Join us on Saturday, September 7th, 3 – 5 pm to see and celebrate the works created by 2019 Red Lion Inn Artist-in-Residence John Clarke.
Clarke, a Berkshire-based artist whose primary medium is photography, has been exploring the blurred experience of long exposures for many years. During his residency he used the common spaces of the inn to create ethereal and contemplative portraits of both space and time. In these images Clarke invites the viewer to contemplate our experience of seeing and to explore a different vision of a common and shared world.
The residency is in partnership with IS183 Art School of the Berkshires, whose mission is increasing access to the visual arts for all.
About the Artist
John Clarke has lived in the Berkshires of western Massachusetts since 2007. He was born in central Massachusetts around a landscape of mills, rivers, trains and bridges. Clarke received his degree in classical music composition from Bates College in Maine.
Clarke’s fine art work is created using a range of mediums. Oil paints, pastels, and pencil were his main tools for many years, until he expanded his practice to photography. In 2012, during an autumn hike Clarke headed out without his tripod and produced images with accidental blur. The trails of light and color appealed to the abstract line painter in him and changed the way he thought about photography. The experience established a new course for him as a visual artist.
Clarke continues to push the camera to its limits, translating photographic images into other mediums. Painting with light, his work can be mistakenly viewed as pastel or charcoal drawings. Long exposures and gestural movements with the camera blur the distinction between art forms. The creation of an image holds the excitement of unlimited potential, a chance to feel something he has never felt before.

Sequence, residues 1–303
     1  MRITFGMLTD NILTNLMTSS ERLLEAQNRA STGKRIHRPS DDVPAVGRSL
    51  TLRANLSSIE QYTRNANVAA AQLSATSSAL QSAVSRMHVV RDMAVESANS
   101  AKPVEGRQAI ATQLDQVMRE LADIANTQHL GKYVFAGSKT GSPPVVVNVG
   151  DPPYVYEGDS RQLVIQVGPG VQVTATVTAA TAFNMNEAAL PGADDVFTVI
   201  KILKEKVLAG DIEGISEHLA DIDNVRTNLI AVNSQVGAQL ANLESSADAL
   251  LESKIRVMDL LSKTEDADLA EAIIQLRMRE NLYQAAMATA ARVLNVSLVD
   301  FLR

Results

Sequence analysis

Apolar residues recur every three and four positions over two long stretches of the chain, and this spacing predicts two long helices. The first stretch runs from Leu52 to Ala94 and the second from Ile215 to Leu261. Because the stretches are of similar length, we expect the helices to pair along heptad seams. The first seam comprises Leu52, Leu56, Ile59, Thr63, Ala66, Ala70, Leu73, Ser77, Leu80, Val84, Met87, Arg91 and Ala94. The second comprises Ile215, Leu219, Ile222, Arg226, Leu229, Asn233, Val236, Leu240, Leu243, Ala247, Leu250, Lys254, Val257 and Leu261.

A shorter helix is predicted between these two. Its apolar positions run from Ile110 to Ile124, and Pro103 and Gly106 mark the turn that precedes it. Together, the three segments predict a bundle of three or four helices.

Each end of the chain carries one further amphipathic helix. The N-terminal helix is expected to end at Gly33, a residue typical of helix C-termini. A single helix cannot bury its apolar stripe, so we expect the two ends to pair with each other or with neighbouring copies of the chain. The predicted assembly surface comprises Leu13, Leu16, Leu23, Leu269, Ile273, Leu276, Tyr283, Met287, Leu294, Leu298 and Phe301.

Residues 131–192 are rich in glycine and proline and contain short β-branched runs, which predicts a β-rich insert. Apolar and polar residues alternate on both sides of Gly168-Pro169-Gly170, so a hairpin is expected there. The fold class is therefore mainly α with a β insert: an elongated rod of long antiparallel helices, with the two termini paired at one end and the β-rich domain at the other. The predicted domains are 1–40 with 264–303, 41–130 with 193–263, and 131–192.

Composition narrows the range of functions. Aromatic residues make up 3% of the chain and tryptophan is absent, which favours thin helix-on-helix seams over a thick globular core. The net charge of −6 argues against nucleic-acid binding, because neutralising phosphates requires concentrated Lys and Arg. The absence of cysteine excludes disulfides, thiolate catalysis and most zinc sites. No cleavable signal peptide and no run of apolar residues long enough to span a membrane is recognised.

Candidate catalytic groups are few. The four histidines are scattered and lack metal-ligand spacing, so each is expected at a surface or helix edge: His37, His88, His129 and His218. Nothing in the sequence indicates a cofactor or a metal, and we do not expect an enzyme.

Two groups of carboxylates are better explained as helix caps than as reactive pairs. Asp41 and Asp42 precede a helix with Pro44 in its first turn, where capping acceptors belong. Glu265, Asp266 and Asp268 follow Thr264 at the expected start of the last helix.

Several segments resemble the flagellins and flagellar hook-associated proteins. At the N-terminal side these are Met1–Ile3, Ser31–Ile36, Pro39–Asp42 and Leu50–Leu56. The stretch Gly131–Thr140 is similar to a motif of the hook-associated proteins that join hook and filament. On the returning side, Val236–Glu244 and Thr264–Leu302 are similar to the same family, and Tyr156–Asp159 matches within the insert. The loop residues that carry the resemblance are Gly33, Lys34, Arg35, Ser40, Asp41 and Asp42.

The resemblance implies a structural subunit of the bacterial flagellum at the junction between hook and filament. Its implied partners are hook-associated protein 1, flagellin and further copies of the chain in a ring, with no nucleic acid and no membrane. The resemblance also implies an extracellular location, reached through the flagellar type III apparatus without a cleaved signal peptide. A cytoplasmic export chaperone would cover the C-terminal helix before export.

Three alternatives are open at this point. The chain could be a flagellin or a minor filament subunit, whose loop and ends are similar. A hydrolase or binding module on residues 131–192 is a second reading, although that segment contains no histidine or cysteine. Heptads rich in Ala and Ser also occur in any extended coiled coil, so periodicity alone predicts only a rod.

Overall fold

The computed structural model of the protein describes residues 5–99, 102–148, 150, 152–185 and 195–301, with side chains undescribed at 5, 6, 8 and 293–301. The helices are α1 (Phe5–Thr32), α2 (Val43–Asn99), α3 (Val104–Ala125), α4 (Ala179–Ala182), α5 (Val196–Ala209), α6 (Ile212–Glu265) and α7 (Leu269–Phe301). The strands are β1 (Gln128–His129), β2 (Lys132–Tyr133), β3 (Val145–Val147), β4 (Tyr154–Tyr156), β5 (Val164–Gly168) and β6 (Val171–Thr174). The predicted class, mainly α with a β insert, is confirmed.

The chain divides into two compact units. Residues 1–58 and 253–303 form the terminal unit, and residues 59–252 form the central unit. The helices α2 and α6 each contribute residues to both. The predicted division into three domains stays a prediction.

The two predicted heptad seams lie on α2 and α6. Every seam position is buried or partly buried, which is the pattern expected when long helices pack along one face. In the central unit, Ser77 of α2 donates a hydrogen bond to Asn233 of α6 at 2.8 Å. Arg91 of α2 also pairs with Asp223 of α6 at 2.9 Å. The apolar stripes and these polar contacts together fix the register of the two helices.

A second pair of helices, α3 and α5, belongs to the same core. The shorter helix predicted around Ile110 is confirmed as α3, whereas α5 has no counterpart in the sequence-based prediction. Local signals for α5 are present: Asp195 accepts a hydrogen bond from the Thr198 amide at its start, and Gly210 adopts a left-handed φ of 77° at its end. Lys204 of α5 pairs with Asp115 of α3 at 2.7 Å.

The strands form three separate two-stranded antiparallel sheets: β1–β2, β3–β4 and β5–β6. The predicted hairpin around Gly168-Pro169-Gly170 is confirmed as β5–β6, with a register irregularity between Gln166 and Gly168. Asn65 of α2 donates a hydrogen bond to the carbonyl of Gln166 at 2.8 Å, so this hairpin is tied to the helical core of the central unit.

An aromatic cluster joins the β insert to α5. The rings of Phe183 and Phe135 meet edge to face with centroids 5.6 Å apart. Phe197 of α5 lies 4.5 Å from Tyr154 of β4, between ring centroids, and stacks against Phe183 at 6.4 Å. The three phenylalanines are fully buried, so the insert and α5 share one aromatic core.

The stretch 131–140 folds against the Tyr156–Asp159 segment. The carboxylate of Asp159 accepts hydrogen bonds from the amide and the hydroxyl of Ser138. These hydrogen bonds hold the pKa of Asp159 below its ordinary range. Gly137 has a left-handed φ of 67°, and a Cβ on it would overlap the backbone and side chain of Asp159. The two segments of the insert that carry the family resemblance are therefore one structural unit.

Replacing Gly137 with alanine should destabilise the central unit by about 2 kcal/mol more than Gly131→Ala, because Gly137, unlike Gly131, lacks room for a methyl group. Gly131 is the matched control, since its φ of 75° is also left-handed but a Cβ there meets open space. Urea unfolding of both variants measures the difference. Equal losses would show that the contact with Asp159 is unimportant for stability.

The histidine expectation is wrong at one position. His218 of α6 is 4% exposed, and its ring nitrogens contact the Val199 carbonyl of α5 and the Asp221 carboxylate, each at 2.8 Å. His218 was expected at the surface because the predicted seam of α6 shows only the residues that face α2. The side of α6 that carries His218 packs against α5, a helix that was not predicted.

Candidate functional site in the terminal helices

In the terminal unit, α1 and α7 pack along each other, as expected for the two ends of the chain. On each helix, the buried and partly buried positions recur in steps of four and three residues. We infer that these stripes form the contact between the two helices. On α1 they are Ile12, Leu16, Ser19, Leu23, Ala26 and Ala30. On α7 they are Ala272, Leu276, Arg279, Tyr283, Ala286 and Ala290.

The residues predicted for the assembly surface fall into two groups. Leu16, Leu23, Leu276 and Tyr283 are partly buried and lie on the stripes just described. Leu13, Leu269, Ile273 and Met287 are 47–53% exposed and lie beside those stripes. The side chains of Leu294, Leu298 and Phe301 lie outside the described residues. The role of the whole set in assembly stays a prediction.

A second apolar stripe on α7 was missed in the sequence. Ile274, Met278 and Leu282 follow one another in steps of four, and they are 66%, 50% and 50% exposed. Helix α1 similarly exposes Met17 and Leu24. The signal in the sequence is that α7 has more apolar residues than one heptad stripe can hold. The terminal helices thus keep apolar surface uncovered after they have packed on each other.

Often described as a “renaissance man,” Clarke was front man and a primary songwriter for the band Bell Engine. He also has a solo album, All Beneath Our Train. An avid writer, he has written more than 60 short stories about his years jumping freight trains, and more recently, after the birth of his son Orrin, writes poems for children. Clarke’s work has been shown at the Berkshire Museum, Geoffrey Young Gallery, Art on Main at Barnbrook, Joyce Goldstein Gallery, Isha Nelson Gallery, Deb Koffman’s Little Gallery, and Sohn Fine Art Gallery, where he is currently represented.
About the Work
How many people a year stay in an inn like the Red Lion? How many times does a single guest walk the hallway to his or her room? How do we as humans visually experience the passing of time? What do we see when we move through space?
Cameras are able to expand our experience of what it means to see. They can see in a different way. Our eyes seem to provide us with a constant focus on the instant of now. As we walk through a space, we can quite easily focus on the immediate present, what is there at the moment of passing. Moments ago may be preserved as memory, but the eye remains focused on the immediate now. With each step down a hallway, what has passed is in the past, what is ahead remains in our current vision.
For a camera, vision is simply what the film or sensor captures while the shutter is open. A fast shutter speed captures an image much like how our eyes experience a moment in time. The moment is crystallized as a distinct image. But what happens when a camera's "eye" is open for four seconds, or eight seconds? What happens when the camera's "eye" is not only open that long, but is also moving, walking down a hallway? What kind of image is produced? What does it say about the camera's experience of time? Is it as honest and truthful as our human eye when it comes to documenting the physical act of moving through a space?
I have been exploring the blurred experience of long exposures for many years. I am fascinated by their ability to capture a view of the world so distinct from our normal visual experience as humans. A long exposure is time stacked on itself. In this series of photographs, I am playing with our common experience of seeing, using the Red Lion hallways and rooms to offer a different vision of a common and shared world.
— John Clarke